The ranking member on the House Armed Services Committee is looking to increase the topline of the next defense policy bill to $750 billion, with plans to introduce an amendment for an additional $17 billion in funding when his panel meets Wednesday to consider the proposal.
Rep. Mac Thornberry (R-Texas) told reporters Tuesday the chairman’s $733 billion fiscal year 2020 National Defense Authorization Act proposal falls short of requested funding levels, including for nuclear deterrence modernization and personnel items, and noted he was unsure how Republicans will likely vote on the final version of the bill.
“One of the things I wanted to make very clear, $750 [billion], which is right around 3% real growth, enables us to do very specific, concrete things that are important to national security,” Thornberry said.
Thornberry said the $17 billion in additional funding included in his amendment is intended to address cuts to “core military capabilities” in the current proposed mark, which was released Monday.
Rep. Adam Smith (D-Wash.), the HASC chairman, discussed his committee’s $733 billion mark with reporters on Monday which he said met funding levels anticipated by senior Pentagon leadership while acknowledging disagreements with his Republican colleagues over issues including a decision to cut funding for development of a low-yield nuclear weapon.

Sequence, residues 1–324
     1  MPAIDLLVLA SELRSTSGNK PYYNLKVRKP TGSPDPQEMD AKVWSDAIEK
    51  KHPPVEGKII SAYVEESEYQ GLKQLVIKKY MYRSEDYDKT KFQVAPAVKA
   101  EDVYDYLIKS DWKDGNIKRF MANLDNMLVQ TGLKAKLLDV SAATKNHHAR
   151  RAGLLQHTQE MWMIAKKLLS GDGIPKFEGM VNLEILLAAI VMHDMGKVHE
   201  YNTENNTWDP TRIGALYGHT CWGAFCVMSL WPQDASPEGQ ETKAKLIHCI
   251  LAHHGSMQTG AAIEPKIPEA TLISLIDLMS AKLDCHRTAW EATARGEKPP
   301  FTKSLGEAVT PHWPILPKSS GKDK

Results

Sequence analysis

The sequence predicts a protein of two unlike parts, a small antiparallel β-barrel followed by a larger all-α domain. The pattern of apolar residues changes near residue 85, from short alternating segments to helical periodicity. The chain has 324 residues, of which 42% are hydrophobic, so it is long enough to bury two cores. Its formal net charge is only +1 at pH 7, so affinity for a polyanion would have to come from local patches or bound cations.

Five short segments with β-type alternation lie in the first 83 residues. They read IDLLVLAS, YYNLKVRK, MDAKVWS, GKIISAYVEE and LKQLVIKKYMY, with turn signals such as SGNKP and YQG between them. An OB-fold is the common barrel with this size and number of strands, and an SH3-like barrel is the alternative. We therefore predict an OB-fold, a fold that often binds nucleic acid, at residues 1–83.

Thornberry detailed his concern with the current proposal’s approach to nuclear deterrence modernization citing the low-yield ban, a reduction in funds for the Ground-Based Strategic Deterrent program and cuts to nuclear infrastructure programs.
“I have not reached a decision, nor do I think any members on my side of the aisle have reached a decision on how to vote on final passage,” Thornberry said. “But we will have an amendment to deal with low-yield. We will have an amendment to deal with ground-based strategic deterrent. I put money in my amendment to put money back into the nuclear infrastructure.”
The ranking member’s amendment specifically includes $120 million for projects such as GBSD, $707 million for nuclear infrastructure activities, and $441 million for ballistic missile defense.